We investigate the implementation of a 2014 Government of India mandate that requires companies to at least spend 2% of their profits on corporate social responsibility (CSR) activities. Firms that voluntarily engaged in CSR before the mandate reduce their spending significantly down to the suggested 2% level. Firms that did not actively engage in CSR before the mandate increase their spending marginally. CSR spending post mandate is highly sensitive to negative shocks to firm profits, but not to positive profit shocks. CSR spending post mandate is channeled to more opaque venues with limited third-party verification, relative to before the regulation. Our results are consistent with the hypothesis that regulatory intervention dampens managers' intrinsic motivation to "do good" and, hence, could at times be counter-productive.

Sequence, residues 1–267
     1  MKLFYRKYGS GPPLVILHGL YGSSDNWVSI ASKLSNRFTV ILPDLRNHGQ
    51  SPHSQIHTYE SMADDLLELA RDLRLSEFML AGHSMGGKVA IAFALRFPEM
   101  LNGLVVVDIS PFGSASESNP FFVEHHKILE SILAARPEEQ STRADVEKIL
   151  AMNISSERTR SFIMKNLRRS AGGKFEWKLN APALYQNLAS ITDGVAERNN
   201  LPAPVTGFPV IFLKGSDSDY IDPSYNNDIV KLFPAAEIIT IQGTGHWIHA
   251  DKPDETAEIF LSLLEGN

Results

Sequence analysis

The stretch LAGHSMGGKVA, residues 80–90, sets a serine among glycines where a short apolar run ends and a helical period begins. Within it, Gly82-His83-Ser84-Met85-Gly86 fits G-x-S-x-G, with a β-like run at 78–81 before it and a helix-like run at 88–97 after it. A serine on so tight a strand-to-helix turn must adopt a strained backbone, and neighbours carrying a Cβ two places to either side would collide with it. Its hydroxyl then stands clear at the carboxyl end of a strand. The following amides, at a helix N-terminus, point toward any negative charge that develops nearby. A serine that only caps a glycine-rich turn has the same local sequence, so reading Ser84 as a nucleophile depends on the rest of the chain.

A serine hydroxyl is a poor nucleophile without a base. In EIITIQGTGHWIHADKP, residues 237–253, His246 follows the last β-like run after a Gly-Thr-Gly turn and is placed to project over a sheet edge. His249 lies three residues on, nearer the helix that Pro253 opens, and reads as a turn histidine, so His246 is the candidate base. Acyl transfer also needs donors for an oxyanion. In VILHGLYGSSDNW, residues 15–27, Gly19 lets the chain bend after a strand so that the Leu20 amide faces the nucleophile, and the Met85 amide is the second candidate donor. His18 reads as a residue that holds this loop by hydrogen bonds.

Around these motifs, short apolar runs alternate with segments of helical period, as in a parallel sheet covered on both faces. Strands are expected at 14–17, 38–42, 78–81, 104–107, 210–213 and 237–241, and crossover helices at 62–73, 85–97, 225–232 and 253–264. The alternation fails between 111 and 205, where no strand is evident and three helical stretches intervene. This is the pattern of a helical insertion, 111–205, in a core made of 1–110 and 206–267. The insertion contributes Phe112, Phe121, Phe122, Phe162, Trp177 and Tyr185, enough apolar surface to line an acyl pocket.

Rajgopal, Shivaram, and Prasanna Tantri. "Does Mandated Corporate Social Responsibility Reduce Intrinsic Motivation? Evidence from India." Columbia Business School, 2018.
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